Question #2 from March 2011 Brownbag
A listener asked “How meaningful are the many liability disclaimers we all wind up signing? Do they qualify as ‘Consent’?”
In other words, are we truly giving our “Informed Consent” when we’re handed a piece of paper with several paragraphs of fine print on them, and we’re told
- “Sign here, and so we can proceed with xyz…?”
The fine print, if we DO read it, usually stipulates – in one way or another — that we accept all responsibility if anything goes wrong.
The same goes for all the “I Accept” buttons we push on our computers when we download new software . . . Software to which we DO entrust our work and the fruits of our creativity.
Do ANY of you ever READ those long, paragraph-after-paragraph fine print of liability disclaimers? (We have a few times . . . but, have concluded, what are we going to do? . . . NOT use the software we just paid several hundred dollars for…?)
Does it Qualify as “Informed Consent?”
This IS a great question, and relates back to what the nurse’s article that Hans talked about in the (March 2011) Brownbag. It may, for the moment, prevent frivolous lawsuits.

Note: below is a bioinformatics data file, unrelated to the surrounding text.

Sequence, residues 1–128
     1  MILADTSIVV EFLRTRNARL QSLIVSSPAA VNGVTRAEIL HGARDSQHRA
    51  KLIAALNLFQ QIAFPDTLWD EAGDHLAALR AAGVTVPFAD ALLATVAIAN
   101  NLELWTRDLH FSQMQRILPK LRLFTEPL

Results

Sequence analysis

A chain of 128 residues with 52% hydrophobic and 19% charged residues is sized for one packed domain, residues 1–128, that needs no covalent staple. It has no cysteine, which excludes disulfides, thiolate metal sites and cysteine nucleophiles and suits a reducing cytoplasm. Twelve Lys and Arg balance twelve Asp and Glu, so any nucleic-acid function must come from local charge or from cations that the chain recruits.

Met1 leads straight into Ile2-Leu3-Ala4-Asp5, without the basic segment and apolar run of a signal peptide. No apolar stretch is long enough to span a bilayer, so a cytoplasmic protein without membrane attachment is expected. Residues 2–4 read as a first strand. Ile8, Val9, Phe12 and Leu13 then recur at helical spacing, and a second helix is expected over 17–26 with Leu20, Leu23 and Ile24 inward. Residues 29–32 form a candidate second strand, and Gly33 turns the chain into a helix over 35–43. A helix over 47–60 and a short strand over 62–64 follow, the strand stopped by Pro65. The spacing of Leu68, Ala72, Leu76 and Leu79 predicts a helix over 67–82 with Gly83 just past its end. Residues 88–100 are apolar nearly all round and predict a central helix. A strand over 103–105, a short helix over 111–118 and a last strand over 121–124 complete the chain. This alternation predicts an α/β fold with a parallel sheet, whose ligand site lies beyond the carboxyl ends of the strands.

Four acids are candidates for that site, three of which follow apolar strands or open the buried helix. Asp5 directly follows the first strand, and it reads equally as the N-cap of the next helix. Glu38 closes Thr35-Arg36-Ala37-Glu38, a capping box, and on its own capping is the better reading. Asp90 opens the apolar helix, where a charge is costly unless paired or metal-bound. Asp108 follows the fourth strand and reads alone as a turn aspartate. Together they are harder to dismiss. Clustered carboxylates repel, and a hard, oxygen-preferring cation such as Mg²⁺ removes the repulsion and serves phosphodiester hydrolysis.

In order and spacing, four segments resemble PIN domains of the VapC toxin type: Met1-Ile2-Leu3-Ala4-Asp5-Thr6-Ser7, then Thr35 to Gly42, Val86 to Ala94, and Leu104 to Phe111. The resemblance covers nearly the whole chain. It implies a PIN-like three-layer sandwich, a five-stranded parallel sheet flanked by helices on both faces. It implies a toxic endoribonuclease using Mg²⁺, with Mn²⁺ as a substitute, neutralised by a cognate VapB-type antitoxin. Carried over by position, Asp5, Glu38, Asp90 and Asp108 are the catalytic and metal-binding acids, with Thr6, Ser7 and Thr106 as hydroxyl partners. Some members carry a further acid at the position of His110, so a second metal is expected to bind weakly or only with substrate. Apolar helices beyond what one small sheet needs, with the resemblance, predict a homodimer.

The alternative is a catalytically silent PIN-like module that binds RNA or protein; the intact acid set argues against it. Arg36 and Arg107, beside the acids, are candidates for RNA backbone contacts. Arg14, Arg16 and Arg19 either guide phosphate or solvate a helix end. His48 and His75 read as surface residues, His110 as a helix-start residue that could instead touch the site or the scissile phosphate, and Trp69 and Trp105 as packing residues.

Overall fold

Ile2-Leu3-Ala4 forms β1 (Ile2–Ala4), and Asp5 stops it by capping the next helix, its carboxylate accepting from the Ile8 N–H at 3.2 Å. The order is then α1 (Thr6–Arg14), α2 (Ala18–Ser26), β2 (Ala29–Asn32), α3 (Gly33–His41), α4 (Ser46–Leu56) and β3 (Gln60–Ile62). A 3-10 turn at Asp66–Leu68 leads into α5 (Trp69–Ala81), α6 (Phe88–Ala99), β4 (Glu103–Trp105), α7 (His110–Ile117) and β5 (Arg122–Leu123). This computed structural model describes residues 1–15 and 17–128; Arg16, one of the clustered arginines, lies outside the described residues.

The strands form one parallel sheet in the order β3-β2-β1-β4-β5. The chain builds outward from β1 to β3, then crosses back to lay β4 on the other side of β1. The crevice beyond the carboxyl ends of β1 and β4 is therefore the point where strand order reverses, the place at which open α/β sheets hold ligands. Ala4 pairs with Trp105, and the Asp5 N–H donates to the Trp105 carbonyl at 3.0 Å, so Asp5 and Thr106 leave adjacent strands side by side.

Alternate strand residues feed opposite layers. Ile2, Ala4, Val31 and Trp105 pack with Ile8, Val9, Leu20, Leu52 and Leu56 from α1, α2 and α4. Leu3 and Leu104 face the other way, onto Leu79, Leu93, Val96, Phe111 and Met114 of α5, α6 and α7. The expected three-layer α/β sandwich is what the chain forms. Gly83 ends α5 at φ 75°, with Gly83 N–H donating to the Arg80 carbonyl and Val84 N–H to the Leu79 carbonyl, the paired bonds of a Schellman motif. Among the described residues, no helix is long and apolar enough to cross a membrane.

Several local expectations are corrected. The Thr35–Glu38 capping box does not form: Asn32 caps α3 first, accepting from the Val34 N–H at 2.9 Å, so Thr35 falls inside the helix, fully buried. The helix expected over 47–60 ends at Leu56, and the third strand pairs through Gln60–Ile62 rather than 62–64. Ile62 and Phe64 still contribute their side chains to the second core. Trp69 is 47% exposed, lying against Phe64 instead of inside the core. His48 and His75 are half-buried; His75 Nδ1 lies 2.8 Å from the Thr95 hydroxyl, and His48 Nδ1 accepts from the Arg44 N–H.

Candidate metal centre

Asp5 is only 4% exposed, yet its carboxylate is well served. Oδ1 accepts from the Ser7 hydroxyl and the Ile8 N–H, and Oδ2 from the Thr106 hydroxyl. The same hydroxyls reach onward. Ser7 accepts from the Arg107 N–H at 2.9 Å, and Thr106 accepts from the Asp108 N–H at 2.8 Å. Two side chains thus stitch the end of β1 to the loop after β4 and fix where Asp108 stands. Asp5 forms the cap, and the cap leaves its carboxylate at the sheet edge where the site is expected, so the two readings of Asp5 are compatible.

But, if something REALLY serious goes wrong . . . It probably will turn out NOT to have been complete “Informed Consent.”
It’s NOT Informed Consent unless the person signing the document – or pushing the button – says to him/herself AFTER things have gone wrong:
- I UNDERSTOOD the risk I was taking
- I UNDERSTOOD that this could happen
- I went into this with OPEN eyes
- I was fully informed, ahead of time, that THIS could happen
- I have no one to blame . . .
The point for you, me, and anyone working in the public arena is that this kind of disclaimer may make sense in many business situations; but, they are NOT appropriate for the work we are engaged in.
Like the nurse in the referenced article, for us there are no shortcuts.
We have to develop honest-to-goodness Informed Consent!
We don’t really blame people who, in a great many business situations – such as selling software – use these kinds of “sign here” or “push this button if you accept our conditions” liability disclaimers.
There are so many people who sue for the most trivial reasons . . . Just to have the business in question settle out of court to get rid of the harassing suit.
For some people it IS a way of earning a living; call it “modern highway robbery.” Though these liability disclaimers ARE rather superficial “Consent” statements, they probably eliminate 99% of the potential frivolous lawsuits.